Constant-velocity joint Constant-velocity joints (also known as homokinetic or CV joints) allow a drive shaft to transmit power through a variable angle, at constant rotational speed, without an appreciable increase in friction or play. They are mainly used in front wheel drive vehicles, and many modern rear wheel drive cars with independent rear suspension typically use CV joints at the ends of the rear axle halfshafts and increasingly use them on the drive shafts. Constant-velocity joints are protected by a rubber boot, a CV gaiter, usually filled with molybdenum disulfide grease. Cracks and splits in the boot will allow contaminants in, which would cause the joint to wear quickly as grease leaks out. This way the friction parts don’t get proper lubrication and get damaged due to minor particles that get in, while water causes metal components to rust and corrode. Wear of the boot often takes the form of small cracks, which appear closer to the wheel,  because it is the wheel that produces vibration and ...
Direct-shift gearbox A direct-shift gearbox (German: Direkt-Schalt-Getriebe), commonly abbreviated to DSG, is an electronically controlled dual-clutch multiple-shaft manual gearbox in a transaxle design, without a conventional clutch pedal and with fully automatic or semi-manual control. The first actual dual-clutch transmissions were derived from Porsche in-house development for their Model 962 racing cars in the 1980s. In simple terms, a DSG is two separate manual gearboxes (and clutches) contained within one housing and working as one unit.It was designed by BorgWarner and is licensed to the Volkswagen Group, with support by IAV GmbH.  By using two independent clutches, a DSG can achieve faster shift times and eliminates the torque converter of a conventional epicyclic automatic transmission. Part-cutaway view of the Volkswagen Group 6-speed direct-shift gearbox. The concentric multi-plate clutches have been sectioned, along with the mechatronics module. This also shows the additional power ta...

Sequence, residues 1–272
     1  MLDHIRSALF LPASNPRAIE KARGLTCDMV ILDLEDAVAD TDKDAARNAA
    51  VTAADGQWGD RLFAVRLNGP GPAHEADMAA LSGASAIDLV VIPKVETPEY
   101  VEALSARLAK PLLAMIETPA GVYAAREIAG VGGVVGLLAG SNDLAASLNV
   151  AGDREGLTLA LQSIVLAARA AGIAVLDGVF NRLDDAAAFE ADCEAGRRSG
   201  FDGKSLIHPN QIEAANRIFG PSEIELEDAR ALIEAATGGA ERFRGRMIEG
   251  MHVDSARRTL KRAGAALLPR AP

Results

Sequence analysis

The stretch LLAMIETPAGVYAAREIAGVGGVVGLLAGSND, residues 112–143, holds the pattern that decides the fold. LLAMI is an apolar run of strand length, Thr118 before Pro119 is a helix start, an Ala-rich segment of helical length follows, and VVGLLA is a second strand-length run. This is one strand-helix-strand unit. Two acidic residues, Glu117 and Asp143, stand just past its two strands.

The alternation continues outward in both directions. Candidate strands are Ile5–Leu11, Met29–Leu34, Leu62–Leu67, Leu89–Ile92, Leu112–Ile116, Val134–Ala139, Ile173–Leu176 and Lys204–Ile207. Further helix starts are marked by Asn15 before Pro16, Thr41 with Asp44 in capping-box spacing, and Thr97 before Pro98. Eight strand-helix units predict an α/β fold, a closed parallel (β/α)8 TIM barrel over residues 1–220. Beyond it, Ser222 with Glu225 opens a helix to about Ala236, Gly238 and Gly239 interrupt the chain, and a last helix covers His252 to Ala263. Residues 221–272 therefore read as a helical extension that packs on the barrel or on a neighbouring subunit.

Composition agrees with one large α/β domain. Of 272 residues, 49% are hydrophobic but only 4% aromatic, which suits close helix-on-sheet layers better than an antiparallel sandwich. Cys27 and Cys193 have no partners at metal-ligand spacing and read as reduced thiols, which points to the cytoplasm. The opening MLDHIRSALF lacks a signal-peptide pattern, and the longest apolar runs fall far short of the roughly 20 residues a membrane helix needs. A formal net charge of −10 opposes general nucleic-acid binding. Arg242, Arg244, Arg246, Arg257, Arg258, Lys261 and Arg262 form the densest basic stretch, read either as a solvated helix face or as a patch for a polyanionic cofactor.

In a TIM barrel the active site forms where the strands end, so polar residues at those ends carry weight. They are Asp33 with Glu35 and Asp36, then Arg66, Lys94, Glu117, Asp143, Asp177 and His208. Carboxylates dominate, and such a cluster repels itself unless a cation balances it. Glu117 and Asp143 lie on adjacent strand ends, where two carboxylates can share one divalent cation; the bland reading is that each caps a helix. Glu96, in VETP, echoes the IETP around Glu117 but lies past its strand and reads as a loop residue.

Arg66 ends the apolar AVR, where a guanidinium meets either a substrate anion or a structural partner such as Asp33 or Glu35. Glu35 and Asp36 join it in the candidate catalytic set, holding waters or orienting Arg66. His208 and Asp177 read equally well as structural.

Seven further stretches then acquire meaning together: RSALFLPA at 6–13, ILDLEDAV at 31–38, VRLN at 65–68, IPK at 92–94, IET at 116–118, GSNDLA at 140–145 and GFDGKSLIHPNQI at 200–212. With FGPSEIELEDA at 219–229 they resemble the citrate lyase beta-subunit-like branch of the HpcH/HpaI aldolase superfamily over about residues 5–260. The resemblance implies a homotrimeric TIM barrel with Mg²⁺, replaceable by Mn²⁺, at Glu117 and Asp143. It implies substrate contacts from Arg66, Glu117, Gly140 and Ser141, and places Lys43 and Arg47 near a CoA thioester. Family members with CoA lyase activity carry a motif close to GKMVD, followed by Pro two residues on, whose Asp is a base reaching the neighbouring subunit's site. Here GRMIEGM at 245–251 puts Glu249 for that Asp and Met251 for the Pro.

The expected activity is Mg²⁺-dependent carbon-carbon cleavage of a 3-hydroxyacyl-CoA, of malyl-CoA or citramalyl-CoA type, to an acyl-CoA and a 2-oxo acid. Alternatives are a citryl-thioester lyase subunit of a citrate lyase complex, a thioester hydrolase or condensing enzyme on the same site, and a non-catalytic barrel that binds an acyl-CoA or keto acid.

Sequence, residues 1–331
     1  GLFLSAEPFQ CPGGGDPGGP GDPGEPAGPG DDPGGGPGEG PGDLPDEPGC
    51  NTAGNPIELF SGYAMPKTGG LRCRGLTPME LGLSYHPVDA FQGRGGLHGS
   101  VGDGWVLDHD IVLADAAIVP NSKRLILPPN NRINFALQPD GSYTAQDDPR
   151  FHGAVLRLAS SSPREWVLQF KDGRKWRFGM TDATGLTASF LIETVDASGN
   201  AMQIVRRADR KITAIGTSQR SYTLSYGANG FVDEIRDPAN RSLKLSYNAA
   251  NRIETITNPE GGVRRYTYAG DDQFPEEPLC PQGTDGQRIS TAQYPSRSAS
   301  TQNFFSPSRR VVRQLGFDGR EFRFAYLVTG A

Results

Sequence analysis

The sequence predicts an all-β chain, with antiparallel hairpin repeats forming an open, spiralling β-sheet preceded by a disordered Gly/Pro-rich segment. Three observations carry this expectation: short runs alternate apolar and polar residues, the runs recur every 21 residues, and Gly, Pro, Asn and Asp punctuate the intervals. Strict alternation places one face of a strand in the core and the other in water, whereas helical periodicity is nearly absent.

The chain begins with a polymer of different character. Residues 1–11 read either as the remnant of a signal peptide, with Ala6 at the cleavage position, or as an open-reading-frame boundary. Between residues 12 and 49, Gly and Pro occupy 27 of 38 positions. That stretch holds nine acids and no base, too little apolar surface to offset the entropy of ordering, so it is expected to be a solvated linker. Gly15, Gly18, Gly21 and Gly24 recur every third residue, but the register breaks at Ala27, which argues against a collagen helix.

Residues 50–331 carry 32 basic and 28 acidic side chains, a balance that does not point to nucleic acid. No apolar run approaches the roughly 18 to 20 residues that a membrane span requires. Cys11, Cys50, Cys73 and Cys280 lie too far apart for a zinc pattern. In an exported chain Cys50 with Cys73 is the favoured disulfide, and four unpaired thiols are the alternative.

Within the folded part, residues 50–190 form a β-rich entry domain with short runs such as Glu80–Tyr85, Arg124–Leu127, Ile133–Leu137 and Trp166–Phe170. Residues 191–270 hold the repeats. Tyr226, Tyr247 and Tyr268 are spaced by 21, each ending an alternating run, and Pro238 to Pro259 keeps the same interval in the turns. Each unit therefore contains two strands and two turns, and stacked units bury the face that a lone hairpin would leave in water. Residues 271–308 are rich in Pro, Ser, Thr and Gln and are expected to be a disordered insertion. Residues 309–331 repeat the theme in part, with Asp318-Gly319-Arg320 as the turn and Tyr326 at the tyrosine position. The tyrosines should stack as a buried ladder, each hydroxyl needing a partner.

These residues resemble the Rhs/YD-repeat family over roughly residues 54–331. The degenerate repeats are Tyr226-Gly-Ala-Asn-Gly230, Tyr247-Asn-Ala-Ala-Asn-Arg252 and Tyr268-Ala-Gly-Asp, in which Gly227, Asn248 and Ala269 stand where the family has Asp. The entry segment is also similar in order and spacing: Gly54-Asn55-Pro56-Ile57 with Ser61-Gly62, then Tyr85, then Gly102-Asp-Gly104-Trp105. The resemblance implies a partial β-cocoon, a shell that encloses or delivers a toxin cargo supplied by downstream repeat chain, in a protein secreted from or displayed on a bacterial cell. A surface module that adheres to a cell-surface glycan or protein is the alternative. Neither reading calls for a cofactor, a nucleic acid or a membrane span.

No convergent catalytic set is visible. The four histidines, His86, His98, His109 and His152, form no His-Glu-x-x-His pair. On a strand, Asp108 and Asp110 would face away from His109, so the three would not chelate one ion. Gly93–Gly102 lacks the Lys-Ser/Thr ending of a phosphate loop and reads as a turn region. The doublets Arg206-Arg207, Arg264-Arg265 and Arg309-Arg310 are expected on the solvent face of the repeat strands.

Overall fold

Transmission (mechanics) A transmission is a machine in a power transmission system, which provides controlled application of the power. Often the term transmission refers simply to the gearbox that uses gears and gear trains to provide speed and torque conversions from a rotating power source to another device. In British English, the term transmission refers to the whole drivetrain, including clutch, gearbox, prop shaft (for rear-wheel drive), differential, and final drive shafts. In AmericanEnglish, however, the term refers more specifically to the gearbox alone, and detailed usage differs. The most common use is in motor vehicles, where the transmission adapts the output of the internal combustion engine to the drive wheels. Such engines need to operate at a relatively high rotational speed, which is inappropriate for starting, stopping, and slower travel. The transmission reduces the higher engine speed to the slower wheel speed, increasing torque in the process. Transmissions are also used on pedal...
Suspension A clutch is a mechanical device which engages and disengages power transmission especially from driving shaft to driven shaft. In the simplest application, clutches connect and disconnect two rotating shafts (drive shafts or line shafts). In these devices, one shaft is typically attached to an engine or other power unit (the driving member) while the other shaft (the driven member) provides output power for work. While typically the motions involved are rotary, linear clutches are also possible. In a torque-controlled drill, for instance, one shaft is driven by a motor and the other drives a drill chuck. The clutch connects the two shafts so they may be locked together and spin at the same speed (engaged), locked together but spinning at different speeds (slipping), or unlocked and spinning at different speeds (disengaged).   Single dry-clutch friction disc. The splined hub is attached to the disc with springs to damp chatter. Friction clutches ...